AARP wants to solve JCP&L, Verizon issues
On Wednesday, the group asked for new BPU President Richard Mroz to address Jersey Central Power & Light's proposed rate increase, as well as phone companies' abandonment of traditional landlines.
Issues over landlines stem from Verizon introducing Voice Link, a wireless system that connects a home without the need for a copper landline. In New Jersey, the service was initially introduced in Mantoloking after Superstorm Sandy ravaged the borough's infrastructure.
One of AARP's biggest concerns is that the wireless systems fall short in terms of quality and reliability.
"It's not compatible with home security systems, it's not compatible with medical alert systems," said Jeff Abramo, communications director for AARP. "It's not as reliable. If power goes out, it has a very short battery life."
In an AARP poll of New Jersey residents age 50 and older, nearly 80 percent think it's important for companies to provide a landline service until a comparable alternative is available.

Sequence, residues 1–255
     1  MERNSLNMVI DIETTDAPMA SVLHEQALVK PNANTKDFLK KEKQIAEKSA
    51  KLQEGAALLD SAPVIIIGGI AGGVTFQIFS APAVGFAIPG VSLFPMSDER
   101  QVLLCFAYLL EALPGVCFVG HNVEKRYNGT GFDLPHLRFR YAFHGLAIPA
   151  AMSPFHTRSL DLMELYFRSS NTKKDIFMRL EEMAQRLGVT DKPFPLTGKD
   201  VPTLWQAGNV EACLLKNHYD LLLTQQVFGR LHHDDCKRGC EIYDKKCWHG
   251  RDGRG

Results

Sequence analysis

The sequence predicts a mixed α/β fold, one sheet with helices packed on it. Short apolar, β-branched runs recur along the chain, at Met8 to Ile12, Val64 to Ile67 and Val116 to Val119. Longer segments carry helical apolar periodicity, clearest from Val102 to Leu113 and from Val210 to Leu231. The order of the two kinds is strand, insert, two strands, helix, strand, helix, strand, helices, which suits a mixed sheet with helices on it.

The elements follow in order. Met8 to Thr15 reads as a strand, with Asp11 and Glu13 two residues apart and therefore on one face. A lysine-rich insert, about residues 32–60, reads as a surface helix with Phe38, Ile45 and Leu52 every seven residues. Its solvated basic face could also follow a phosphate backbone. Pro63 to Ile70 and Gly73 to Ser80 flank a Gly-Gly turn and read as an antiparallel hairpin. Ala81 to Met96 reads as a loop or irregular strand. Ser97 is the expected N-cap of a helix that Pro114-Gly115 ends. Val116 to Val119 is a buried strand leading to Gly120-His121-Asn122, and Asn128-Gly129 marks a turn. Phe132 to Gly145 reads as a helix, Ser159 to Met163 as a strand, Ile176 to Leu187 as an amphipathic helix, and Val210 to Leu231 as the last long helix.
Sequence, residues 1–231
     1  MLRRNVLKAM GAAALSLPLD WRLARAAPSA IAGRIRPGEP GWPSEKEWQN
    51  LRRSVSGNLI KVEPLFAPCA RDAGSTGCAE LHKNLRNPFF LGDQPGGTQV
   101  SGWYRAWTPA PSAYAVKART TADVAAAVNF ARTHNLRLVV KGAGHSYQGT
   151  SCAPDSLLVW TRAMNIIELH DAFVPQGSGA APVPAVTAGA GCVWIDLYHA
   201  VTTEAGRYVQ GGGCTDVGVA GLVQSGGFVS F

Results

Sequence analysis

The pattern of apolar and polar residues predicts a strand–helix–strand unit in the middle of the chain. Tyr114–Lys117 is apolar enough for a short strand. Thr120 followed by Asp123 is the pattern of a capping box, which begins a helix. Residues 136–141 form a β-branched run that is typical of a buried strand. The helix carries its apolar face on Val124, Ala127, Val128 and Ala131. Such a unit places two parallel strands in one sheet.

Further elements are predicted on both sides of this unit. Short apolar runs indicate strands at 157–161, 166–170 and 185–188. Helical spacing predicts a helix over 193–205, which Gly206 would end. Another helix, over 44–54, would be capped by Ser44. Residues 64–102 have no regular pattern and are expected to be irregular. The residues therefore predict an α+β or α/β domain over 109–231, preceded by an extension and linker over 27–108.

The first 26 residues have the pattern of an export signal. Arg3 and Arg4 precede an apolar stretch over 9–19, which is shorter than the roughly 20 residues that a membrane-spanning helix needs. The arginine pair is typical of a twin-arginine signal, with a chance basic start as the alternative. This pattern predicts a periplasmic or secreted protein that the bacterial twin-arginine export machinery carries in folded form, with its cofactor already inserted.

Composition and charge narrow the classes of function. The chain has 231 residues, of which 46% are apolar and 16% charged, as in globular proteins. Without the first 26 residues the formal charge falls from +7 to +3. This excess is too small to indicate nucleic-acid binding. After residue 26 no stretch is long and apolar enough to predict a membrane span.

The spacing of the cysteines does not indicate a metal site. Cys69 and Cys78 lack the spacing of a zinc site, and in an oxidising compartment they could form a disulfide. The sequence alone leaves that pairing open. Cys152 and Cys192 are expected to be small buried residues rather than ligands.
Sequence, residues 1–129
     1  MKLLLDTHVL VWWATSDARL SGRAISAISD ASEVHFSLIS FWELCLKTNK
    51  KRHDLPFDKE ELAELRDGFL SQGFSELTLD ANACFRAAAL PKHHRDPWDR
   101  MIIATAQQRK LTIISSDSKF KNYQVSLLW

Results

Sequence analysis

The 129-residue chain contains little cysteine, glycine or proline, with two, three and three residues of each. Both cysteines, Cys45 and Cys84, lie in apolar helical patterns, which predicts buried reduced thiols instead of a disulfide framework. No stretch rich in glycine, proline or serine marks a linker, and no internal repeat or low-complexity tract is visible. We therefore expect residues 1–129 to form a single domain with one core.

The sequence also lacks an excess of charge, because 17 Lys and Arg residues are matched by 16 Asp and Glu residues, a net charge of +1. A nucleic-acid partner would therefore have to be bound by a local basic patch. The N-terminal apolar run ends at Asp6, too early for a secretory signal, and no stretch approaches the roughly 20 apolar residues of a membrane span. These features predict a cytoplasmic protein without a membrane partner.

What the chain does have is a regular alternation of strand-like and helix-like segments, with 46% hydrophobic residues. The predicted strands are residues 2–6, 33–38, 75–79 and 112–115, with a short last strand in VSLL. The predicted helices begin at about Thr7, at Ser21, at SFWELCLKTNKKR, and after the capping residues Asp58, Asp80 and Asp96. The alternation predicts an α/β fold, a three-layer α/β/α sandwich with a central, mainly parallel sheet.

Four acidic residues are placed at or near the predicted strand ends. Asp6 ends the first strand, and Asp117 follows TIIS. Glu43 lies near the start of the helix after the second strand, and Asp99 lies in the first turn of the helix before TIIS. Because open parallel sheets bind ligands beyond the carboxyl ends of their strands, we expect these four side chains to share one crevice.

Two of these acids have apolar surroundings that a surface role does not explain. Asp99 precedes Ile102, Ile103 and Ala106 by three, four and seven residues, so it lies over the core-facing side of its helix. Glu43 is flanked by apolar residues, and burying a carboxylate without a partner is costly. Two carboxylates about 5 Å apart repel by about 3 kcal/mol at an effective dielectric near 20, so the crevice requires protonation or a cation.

Abramo said Sandy showed the importance of landlines in emergency situations.
"If you had a landline phone during Sandy and it worked, I do not see you getting rid of it given how unreliable Internet-based phones and cellphones were," he said.
AARP is also asking the BPU to review JCP&L's rates, which they believe are too high. Abramo said the power company was found to have been overearning by $200 million.
"The fact is, if ratepayers are entitled to a $200 million rate decrease, in some ways it borders on absurd that we're going to be giving them an increase at the same time," he said.
JCP&L has requested a rate increase with the BPU in response to costs incurred after Superstorm Sandy.
"Let's rule on the decrease, let's figure how much people deserve to get back," Abramo said. "Then we can look if an increase is warranted for subsequent issues."
In an emailed statement, the BPU said JCP&L's base rate case is moving through the legal process.
"On Sept. 26, the administrative law judge in the case requested a second 45-day extension to render a decision, and the chief administrative law judge granted that request," the statement said. "The initial decision is now due Nov. 1."